With his solo album, Every Picture Tells a Story, Faces lead singer Rod Stewart produced a unique and entertaining album, albeit strange in many ways. The album only really contained four original songs with the other six being covers, but it sounded completely original in the ways the songs were arranged and interpreted. It was done in a year when Faces would release two albums as a group, and each member of Faces contributed to this “solo” album. Guitarist Ronnie Wood and keyboardist Ian McLagan were featured prominently throughout. However, the album’s credits were very vague on some of the credits and recording information. The mandolin player who is front and center on a few tunes is referenced as; “the mandolin player in Lindisfarne” after Rod Stewart had forgotten his name (this was later revealed to be Ray Jackson of the folk-rock group Lindisfarne).
The album blends an incredible mixture of rock, folk, country, blues, and funk. Classical guitarist Martin Quittenton is front and center with his acoustic guitar through much of Every Picture Tells a Story, setting the tone for many of the other intruments and styles to blend along. While constantly alternating between originals and covers, there is a definite consistancy and flow to the album, which was once aptly described as “a romantic, earthy portrait of a young man joyously celebrating his young life”.
Every Picture Tells a Story by Rod Stewart
|Released: July 9, 1971 (Mercury)Produced by: Rod Stewart
Recorded: Los Angles, November 1970
|Side One||Side Two|
|Every Picture Tells a Story
Seems Like a Long Time
That’s All Right
Tomorrow Is a Long Time
(I Know) I’m Losing You
Reason To Believe
| Rod Stewart – Lead Vocals, Acoustic Guitar
Martin Quittenton – Acoustic Guitars
Ian McLagan – Organ, Piano
Ronnie Wood – Electric & Steel Guitars, Bass
Micky Waller – Drums
The album starts with the title song, “Every Picture Tells a Story”, which was written by Stewart and Ronnie Wood. A great song with excellent motion (in the music as well as the lyrics) that sets the pace for the feel of the album. Drummer Micky Waller Plays a strong and loose rhythm throughout as the song has a vibe of an improvised jam that comes together serendipitously. Theodore Anderson’s “Seems Like a Long Time” follows as a fine piano ballad with good lead guitars by Wood and nice distance effect on the vocal as the song persists.
The rest of side one works through original interpretations of standard covers. “That’s All Right”, made most famous by Elvis, contains a bluesy, slide acoustic intro to piano driven rocker. The traditional spiritual “Amazing Grace” is in the same bluesy vein and is mostly instrumental then one verse before end. Bob Dylan’s “Tomorrow Is a Long Time” is a fine song to wrap up the side with acoustic, fiddle, and interesting vocals by Stewart as he tries to adopt a “Dylan-esque” accent but comes off sounding more like Johnny Cash.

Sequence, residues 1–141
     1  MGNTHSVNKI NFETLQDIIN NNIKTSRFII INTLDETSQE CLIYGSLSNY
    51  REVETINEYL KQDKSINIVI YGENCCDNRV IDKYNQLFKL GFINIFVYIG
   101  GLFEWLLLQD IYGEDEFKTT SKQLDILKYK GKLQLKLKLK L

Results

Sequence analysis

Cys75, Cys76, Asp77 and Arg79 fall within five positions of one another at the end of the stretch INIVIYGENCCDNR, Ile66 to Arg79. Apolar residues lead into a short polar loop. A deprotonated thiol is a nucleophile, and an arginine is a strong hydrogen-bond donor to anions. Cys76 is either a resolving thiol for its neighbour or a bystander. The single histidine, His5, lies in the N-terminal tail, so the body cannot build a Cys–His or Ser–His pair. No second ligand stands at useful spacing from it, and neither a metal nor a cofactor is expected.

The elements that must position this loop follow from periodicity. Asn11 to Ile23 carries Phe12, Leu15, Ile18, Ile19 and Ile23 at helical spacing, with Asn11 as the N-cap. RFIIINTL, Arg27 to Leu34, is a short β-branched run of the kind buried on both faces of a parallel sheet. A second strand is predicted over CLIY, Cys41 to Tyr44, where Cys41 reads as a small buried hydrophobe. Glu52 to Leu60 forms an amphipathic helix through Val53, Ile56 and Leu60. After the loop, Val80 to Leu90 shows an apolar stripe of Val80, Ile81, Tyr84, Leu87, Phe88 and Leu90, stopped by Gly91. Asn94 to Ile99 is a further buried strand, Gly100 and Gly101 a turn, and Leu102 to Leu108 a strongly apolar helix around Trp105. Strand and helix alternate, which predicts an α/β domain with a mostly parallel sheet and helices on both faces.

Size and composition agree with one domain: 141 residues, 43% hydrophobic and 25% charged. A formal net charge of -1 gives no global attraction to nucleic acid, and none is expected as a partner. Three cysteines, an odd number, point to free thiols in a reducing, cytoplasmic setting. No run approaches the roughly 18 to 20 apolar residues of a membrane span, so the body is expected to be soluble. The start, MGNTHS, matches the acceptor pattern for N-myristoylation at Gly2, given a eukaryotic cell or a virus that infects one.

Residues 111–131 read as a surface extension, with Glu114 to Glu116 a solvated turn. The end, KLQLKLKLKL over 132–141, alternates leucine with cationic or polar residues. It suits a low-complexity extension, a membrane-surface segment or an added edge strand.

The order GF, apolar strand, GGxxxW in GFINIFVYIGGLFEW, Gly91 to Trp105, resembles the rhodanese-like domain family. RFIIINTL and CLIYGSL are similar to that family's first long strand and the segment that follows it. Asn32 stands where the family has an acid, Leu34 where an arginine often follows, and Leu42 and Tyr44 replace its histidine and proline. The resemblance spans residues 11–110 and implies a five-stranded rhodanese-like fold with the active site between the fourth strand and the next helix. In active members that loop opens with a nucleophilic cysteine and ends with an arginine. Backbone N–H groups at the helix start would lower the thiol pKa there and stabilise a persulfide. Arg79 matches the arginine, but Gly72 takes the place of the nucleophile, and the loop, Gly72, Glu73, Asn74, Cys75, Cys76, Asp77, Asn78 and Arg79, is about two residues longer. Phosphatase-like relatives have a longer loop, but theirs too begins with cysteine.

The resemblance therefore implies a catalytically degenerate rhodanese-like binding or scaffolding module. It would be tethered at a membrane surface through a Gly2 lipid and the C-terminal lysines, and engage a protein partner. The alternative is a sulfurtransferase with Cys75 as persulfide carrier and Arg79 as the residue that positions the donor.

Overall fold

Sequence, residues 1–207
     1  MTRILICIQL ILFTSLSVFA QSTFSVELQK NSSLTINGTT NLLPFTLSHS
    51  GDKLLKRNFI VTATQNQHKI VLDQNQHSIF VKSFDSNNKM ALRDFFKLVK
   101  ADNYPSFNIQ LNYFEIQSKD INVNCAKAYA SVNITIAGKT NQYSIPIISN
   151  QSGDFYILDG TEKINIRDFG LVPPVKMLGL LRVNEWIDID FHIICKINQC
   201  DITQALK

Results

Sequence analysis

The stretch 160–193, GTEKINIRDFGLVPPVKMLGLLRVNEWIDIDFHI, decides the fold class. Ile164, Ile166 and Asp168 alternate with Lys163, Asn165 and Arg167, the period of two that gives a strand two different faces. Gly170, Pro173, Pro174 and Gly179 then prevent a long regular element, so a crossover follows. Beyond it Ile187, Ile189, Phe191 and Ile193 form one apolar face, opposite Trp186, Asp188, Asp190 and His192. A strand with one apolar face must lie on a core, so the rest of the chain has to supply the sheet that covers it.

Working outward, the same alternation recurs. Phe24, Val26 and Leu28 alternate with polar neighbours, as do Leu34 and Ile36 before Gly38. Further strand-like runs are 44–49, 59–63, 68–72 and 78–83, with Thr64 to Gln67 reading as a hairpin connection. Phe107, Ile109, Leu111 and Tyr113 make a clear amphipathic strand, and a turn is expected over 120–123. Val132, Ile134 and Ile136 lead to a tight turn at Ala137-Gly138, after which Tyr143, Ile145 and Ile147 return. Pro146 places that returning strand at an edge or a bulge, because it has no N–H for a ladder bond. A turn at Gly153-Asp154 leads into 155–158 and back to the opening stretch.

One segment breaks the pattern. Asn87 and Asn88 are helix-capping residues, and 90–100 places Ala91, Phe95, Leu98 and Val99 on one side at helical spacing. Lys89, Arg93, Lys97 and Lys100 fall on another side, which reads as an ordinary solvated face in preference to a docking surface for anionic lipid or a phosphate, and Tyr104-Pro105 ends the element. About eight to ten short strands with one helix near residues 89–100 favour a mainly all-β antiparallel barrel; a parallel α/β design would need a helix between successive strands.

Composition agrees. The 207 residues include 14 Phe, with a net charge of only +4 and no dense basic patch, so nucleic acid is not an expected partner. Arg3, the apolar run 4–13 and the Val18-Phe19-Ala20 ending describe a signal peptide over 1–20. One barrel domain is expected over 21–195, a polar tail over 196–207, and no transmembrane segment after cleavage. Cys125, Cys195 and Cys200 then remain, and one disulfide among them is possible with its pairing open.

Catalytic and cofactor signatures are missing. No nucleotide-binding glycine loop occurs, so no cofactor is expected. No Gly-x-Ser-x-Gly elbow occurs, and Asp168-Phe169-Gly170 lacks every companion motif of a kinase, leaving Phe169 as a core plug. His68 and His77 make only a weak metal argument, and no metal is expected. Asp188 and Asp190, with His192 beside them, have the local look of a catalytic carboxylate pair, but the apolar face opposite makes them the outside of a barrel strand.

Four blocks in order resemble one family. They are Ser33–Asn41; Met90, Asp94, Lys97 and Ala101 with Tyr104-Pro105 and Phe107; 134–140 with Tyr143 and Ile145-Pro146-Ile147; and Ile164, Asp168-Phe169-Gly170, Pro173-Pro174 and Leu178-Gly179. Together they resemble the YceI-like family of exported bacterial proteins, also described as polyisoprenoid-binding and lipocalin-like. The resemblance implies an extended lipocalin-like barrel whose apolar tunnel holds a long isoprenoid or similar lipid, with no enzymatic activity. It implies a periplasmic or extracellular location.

The true genius of the album lies on side two with Quittenton leading the way with a short classical intro to “Maggie May”, which would become one of the most celebrated songs in rock history. Driven nicely with a bright acoustic in the forefront and a driving bass and organ heavy in mix, the song works through the entertaining story of a young man involved with an older woman. Initially released as a B-side (but with its total length), it soon became favorites of radio stations and fans across the world. After the many verses, the song breaks down to feature the solo mandolin of Ray Jackson which leads the song through the famous coda phase.
Jackson is also featured in “Mandolin Wind”, but as a more traditional mid-song solo. This final original by Stewart is a very calm and moody acoustic ballad with a stop/start format and some excellent over-layed guitars in the vein of some recent material by the Stones, giving the song a strong and unique edge. At about 4:50, the song becomes more intense and rock-oriented with the drums kicking in and bringing the song home.
The album concludes with a couple of remakes of sixties songs. “(I Know) I’m Losing You” was first recorded by the Temptations and includes a funk rock groove unlike anything else on the album, making for a nice change of pace. “Reason To Believe” was first recorded by folk singer Tim Hardin in 1965 and became a nice ballad to finish the album as well as a pop hit. The song was re-done by Stewart later in his career but the arrangement on this album, with the fine piano, organ, and fiddle, was the best by far.
Even though it was near the very beginning of a very long solo career, Every Picture Tells a Story would go on to be universally considered as Stewart’s masterpiece. It has timeless quality that introduces pop and rock fans to the best of folk, while still offering rich arrangement and production.
Part of Classic Rock Review’s celebration of the 40th anniversary of 1971 albums.